By Angela Rogalski
Second chances can be game changers in people’s lives, there is no doubt about that. Sometimes they can be the break someone is looking for, or sometimes they can be the lifeline that people need for pure survival. In either case, we have all utilized that second chance at some time or another. And if we haven’t, it’s a given we probably will.
2nd Chance MS is a Mississippi nonprofit and its mission is to raise awareness and funds and develop programs for adult education and workforce programs. It was founded in 2016 and the vision for this dynamic concept belongs to, Dick Scruggs, with his son, Zach, serving as executive director of the program. The father and son duo, and former Oxford attorneys, were sent to Federal prison in 2008 and from that venue their lives changed forever. They came to realize how vital and important second chances really could be, in more lives than just their own.
“My father and I were at different prisons,” Zach says, “and one of the things that we both did was teach adult education for the inmates who didn’t have their high school equivalency. That was the impetus for learning about the importance of education for people who needed it, even though neither of us had any prior teaching experience. When my father got out of prison, he heard a representative from a community college speaking on the radio about this kind of need. The support, the barrier removals for lower income students who were trying to get their high school equivalency. We had no idea at that time that community colleges were the place to go to do that, and how great they were with doing that. We then reached out to the community college board and that’s when we formed 2nd Chance.”
And that gesture of reaching out changed many lives, including the Scruggs’.
“2nd Chance is based in Oxford,” Zach says, “but we work with all fifteen of Mississippi’s community colleges to support lower-income adults who are working toward getting their high school equivalencies or an employable workforce certification. These people may have certain barriers they encounter while trying to finish these types of programs, such as transportation, tuition assistance for workforce programs, testing fees, just things of that nature. We are funded by private donations and some grants from other foundations, and it’s important to note that 100 percent of our donations goes to our programs.”
Scruggs adds they work with the Mississippi Community College Board and the community colleges throughout the state to provide this type of assistance to students who would be in need of and qualify for the program.
“This way people can get the skills they need to get back in the workforce,” he says. “The best and most logical place for a person to go if they are interested in furthering their education so that they can get a better job is their local community college. They may have dropped out of school and need their GED or they may be interested in a workforce program, whatever the case may be, one of the fifteen community colleges throughout the state will be able to help them. And of course, 2nd Chance works with those community colleges. We’re the 911, barrier removal service. We develop programs that provide assistance to an entire range of people, from transportation to tuition assistance, we are here to help them achieve their goals. The community colleges help recruit the people who need us. Attitude and aptitude to get where the student wants to be is very important.”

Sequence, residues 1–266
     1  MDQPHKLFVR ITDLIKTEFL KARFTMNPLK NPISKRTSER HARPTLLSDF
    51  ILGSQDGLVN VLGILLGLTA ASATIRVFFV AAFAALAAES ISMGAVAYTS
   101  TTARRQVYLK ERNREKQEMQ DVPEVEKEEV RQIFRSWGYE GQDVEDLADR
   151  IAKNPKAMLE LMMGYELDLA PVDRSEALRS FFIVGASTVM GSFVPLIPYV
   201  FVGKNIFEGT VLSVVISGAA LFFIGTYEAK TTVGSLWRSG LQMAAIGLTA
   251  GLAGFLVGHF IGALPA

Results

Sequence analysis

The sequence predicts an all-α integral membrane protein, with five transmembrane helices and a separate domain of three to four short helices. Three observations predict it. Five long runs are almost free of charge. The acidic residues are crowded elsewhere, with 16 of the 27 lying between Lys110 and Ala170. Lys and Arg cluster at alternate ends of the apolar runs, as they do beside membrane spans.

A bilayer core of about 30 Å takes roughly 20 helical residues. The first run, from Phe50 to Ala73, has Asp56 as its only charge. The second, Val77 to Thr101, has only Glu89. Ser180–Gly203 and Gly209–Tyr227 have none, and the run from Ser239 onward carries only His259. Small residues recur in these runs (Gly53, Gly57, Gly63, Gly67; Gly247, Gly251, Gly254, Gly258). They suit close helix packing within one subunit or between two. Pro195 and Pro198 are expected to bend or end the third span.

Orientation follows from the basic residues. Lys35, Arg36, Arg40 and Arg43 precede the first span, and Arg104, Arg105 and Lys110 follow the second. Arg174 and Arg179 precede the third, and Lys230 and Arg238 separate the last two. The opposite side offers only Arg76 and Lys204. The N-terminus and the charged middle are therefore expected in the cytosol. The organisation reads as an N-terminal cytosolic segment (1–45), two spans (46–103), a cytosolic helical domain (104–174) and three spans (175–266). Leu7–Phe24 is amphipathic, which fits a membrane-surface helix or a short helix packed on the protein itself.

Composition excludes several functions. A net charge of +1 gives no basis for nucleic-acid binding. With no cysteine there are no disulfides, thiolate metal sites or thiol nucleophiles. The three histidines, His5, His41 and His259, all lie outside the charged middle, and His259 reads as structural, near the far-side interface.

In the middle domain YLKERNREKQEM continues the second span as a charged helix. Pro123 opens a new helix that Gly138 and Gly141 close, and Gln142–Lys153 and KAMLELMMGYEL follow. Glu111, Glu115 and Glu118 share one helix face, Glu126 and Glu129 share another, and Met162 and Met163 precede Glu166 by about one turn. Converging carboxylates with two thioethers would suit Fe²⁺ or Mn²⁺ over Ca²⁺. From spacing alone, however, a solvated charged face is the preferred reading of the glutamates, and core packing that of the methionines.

Scruggs shares that Mississippi ranks last in the number of adults without a high school diploma: 400,000 people have dropped out of high school (eighteen percent of the adult population) and the state ranks second to last (West Virginia is last) in the workforce participation rate: only fifty-three percent of Mississippi’s adults are currently working.
“But Mississippi ranks first in two categories: charitable giving and our Community College system,” he says. “In a way, our mission at 2nd Chance is to also use what we’re good at, our charitable giving and our great community college system, to help fix what we’re not good at, having a qualified and educated workforce. If anything is holding us back economically, it’s the fact that we don’t have a qualified, educated and skilled workforce in place.”
As far as the statistics go for 2nd Chance since its inception, Scruggs says that every one of the programs have exceeded their expectations, in terms of the number of people who have gone through and completed them.
“The overall 2nd Chance Miss. Program’s results since founding in 2016 have been great,” Scruggs adds. “There have been 684 people who have benefitted; 190 high school equivalencies obtained; 256 employable Workforce Certifications earned, and 167 Smart Start-Career Readiness credentials realized, so we are very honored and proud to have been a part of that.”
For additional information visit 2ndchancems.org.